A FAMILY are threatening legal action against a Hampshire hospital after their baby died just 35 minutes after birth.

Georgina Wells and her partner Bradley Smith believe their daughter Layla may have been given more of a “fighting chance” if an emergency caesarean had been carried out sooner.

It comes after an inquest ruled that the newborn died after being struck by a rare syndrome in the early stages of labour, leaving her unable to breathe once delivered.

Southampton Coroner’s Court heard that Georgina, from New Milton, had enjoyed a problem-free pregnancy right up until she went into labour.

The 22-year-old was admitted to the Princess Anne Hospital, in Southampton, just after 8am on July 20, 2010, as normal.

But as the hours passed fluctuations with the baby’s heart rate and evidence of meconium – a baby’s first stool which is usually passed after delivery – coming from the mother, doctors decided to perform an emergency caesarean.

Layla was born at 11.53am but she was floppy, covered in meconium and not breathing.

Despite the best efforts of medics to resuscitate her, she was pronounced dead 35 minutes later.

A post-mortem revealed that Layla had suffered from Meconium Aspiration Syndrome, caused by a distressing event within the womb at least an hour before her death.

The distress caused her to pass the meconium, which mixed with the fluid within the womb that she then inhaled.

The mecoium was inhaled so deep into her lungs that she couldn’t breathe.

Dr VJ Baral, who tried to resuscitate Layla, said: “We were dealing with a case of severe meconium aspiration.

“No matter what we tried, we tried everything there was, we wouldn’t have altered the outcome.”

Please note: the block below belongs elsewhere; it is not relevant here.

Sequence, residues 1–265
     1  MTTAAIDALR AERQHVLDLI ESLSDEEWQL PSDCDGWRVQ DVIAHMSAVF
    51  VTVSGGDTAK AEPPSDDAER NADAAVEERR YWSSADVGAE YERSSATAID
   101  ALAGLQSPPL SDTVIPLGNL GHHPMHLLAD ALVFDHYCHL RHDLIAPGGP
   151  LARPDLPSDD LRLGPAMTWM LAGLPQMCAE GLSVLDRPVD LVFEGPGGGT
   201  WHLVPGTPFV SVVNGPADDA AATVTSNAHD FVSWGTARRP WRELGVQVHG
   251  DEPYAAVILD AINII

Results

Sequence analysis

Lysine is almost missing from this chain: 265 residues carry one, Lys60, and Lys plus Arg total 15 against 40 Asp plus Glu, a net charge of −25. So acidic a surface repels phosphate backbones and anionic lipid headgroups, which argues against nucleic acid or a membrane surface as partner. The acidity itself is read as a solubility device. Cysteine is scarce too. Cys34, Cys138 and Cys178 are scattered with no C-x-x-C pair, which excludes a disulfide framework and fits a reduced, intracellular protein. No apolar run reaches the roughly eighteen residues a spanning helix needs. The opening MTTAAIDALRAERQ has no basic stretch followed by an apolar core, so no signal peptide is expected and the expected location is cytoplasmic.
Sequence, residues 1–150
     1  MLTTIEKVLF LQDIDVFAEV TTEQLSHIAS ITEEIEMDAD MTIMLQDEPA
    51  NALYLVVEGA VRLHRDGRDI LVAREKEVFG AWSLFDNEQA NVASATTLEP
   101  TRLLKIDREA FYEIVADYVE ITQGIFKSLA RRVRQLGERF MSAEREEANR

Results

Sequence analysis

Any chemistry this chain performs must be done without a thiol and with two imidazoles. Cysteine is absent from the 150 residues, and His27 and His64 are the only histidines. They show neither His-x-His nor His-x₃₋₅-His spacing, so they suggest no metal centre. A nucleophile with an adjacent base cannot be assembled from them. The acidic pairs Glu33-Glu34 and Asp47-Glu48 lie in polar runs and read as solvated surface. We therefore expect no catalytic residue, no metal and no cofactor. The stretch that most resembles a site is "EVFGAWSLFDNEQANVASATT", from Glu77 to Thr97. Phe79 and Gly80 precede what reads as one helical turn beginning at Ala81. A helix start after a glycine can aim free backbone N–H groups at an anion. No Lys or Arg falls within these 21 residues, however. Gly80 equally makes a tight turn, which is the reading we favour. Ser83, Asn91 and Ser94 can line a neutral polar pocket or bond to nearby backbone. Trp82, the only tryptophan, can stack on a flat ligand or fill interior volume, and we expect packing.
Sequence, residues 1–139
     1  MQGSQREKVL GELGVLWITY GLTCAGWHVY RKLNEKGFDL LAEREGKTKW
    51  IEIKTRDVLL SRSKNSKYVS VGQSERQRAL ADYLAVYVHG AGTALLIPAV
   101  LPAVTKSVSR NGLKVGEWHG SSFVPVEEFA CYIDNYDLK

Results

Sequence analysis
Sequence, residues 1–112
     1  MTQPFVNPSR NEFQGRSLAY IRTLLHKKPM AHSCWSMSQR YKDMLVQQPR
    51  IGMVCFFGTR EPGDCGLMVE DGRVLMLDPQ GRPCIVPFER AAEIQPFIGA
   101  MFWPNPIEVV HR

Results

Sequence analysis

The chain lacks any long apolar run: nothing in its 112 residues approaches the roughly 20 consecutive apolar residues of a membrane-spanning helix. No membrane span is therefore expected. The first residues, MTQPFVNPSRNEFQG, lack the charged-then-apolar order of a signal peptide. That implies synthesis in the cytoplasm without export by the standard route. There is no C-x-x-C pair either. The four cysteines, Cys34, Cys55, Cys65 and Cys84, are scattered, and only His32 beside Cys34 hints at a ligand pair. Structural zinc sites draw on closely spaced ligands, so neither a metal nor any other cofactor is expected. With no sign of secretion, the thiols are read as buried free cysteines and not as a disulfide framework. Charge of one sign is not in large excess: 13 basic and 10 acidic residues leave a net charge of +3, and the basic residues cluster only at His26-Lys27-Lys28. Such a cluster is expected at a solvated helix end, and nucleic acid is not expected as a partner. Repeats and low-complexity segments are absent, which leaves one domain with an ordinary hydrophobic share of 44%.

Consultant Dr David Howe added that all the “appropriate decisions” were made in what was an “exceptional” case and that the presence of thick meconium during labour is not an indication to deliver the baby immediately, as it happens with 25 per cent of births.

He added: “I have never had a baby that has failed to resuscitate because of meconium aspiration before.”

Legal action Coroner Keith Wiseman said: “Layla Wells suffered a hypoxic event of unknown cause and origin in utero: this in turn led to the aspiration of meconium into the lungs prior to birth.

“This syndrome fatally compromised her respiratory system in life.”

Georgina Wells told the Daily Echo after the inquest that they would be taking legal action over her care during labour.

She said: “We feel that had a caesarean taken place earlier, Layla may have been given more of a fighting chance.

“To come home without our child was really hard and we did struggle. I just hope this inquest will show other parents how dangerous meconium can be.”

Dr Michael Marsh, medical director at University Hospital Southampton, said their thoughts are with the family at this difficult time.

He added: “While we hope the information provided at inquest and the Coroner’s verdict will help to reassure and provide some comfort, we will continue to offer them our full support.”